Recent Evaluation Projects

EXAMPLES OF OUR APPLIED RESEARCH

»» Tillotson Targeted Investment Initiative (for Neil & Louise Tillotson Fund)—A fiveyear initiative to support business development and early childhood development in northern Vermont and New Hampshire and southern Quebec. Includes technical assistance and training to build the evaluation capacity of initiative staff and grantees, and evaluation of implementation and outcomes.

New Hampshire Kids Count (for Children’s Alliance of New Hampshire)

»» Evaluation of More Than Wheels (for More Than Wheels, Inc.; funded by Robert Wood Johnson Foundation)—A three-year impact assessment and process evaluation of More Than Wheels, a nonprofit program providing car loans and financial counseling to credit-poor clients, using quasi-experimental longitudinal and comparison group designs to assess program impact on financial, health, and social outcomes. »» Life Bridge Mentoring Program Evaluation (for Life Bridge, Inc.)—Mixed methods evaluation of the social and academic outcomes of a middle and high school mentoring program serving at-risk youth and their parents in northern New Hampshire. »» Impact Assessment of the CDFI Fund (for Reznick Government/U.S. Department of Treasury)— An eighteen-month financial, economic, and social assessment of the impact on communities of a federal grant program providing funds to community development finance institutions. »» Sustainable Microenterprise and Development Program (for The MasterCard Foundation)— Evaluations for program improvement of an international training program in Africa and New Hampshire for mid-career microfinance and enterprise development professionals. »» Northeastern States Research Cooperative (NSRC) Grant Program (for U.S. Forest Service)—Evaluation of the dissemination and use of research produced by grantees of the NSRC grant program of the Northern Forest regions of New York, Vermont, New Hampshire, and Maine. »» New Americans Sustainable Agriculture Project (for Coastal Enterprises, Inc.)—Evaluation of a project to assist recently resettled refugees in growing gardens for food consumption and sale. »» Northern Forest Canoe Trail (NFCT) Evaluation (for Northern Forest Canoe Trail)—Evaluation of perceptions and use of the Northern Forest Canoe Trail organization’s resources by businesses along the waterway, organization members, and waterway users in the United States and Canada. »» Programme of Advancement through Health and Education (P.A.T.H .) (for Sanigest Corporation and Government of Jamaica)—Qualitative study for an impact evaluation of the Government of Jamaica’s conditional cash transfer program for child outcomes including education attainment and preventive health care use and consumption.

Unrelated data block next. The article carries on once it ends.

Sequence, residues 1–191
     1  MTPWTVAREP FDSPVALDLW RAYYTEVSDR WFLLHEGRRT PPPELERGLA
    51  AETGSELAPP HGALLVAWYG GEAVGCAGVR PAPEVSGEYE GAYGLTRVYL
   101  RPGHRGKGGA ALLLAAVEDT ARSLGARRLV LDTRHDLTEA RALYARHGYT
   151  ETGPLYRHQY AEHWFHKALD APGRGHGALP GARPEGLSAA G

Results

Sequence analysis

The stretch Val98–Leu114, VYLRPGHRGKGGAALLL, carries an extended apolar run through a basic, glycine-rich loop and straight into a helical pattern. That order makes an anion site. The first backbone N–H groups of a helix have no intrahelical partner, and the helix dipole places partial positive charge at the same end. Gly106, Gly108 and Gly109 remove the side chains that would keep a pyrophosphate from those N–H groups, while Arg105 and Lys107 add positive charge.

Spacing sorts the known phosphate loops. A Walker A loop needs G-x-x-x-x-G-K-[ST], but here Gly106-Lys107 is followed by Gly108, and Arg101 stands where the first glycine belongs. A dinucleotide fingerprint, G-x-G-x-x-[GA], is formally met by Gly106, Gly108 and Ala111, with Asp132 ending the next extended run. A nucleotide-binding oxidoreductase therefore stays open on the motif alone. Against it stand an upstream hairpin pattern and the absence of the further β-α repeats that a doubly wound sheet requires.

»» Indicator data collection and dissemination for the Annie E. Casey Kids Count initiative describing New Hampshire children’s well-being, including gathering of information for annual data books. »» A study mapping the geographic distribution of food insecurity, healthy food outlets, and public sources of food, and the gaps in access and availability of food to those at risk of food insecurity. »» A series of studies of New Hampshire children and youth focusing on child homelessness, student discipline in the schools, and the status of youth. Rural Participation in Federal Child Nutrition Programs (for Food Research and Action Center) »» Studies of participation by rural households in the United States in major federal child nutrition programs such as the National School Lunch Program and Summer Food Service Program. Resident-Owned Communities of New Hampshire (for Meredith Institute/New Hampshire Community Loan Fund) »» Study comparing economic outcomes of resident-owned with investorowned manufactured home parks. Interactions among Climate, Land Use, Ecosystem Services, and Society (for National Science Foundation/NH EPSCoR) »» A study assessing the researchrelated communications between the project’s ecosystem scientists and its stakeholders.

21 TO LE AR N MORE , VISIT: W W W.CARSEYINSTITUTE.UNH.EDU/POLICY/EVALUATION-PROGRAM.


Center on Social Innovation and Finance The social innovation field combines the passion and purpose of a social or environmental mission with the rigor and accountability of a market-based approach to enterprise design, financing, and operations.

Yusi Turell

Michael Swack

William Maddocks

Sanjeev Sharma

Influenced by broad trends in philanthropy, investment, and public policy, social innovation often occurs at the increasingly blurry boundaries between for-profit, nonprofit, and public sectors. The Carsey Institute’s new Center on Social Innovation and Finance serves as an interdisciplinary hub for teaching, research, and field-building activities in social innovation. By adding new offerings in the classroom and in the real world, the center showcases current faculty leadership in community finance, sustainable economic development, and social entrepreneurship. The center supports several training, certificate, and degree programs as well as original research and applied projects in community development finance and social enterprise. The following pages outline some of our current efforts.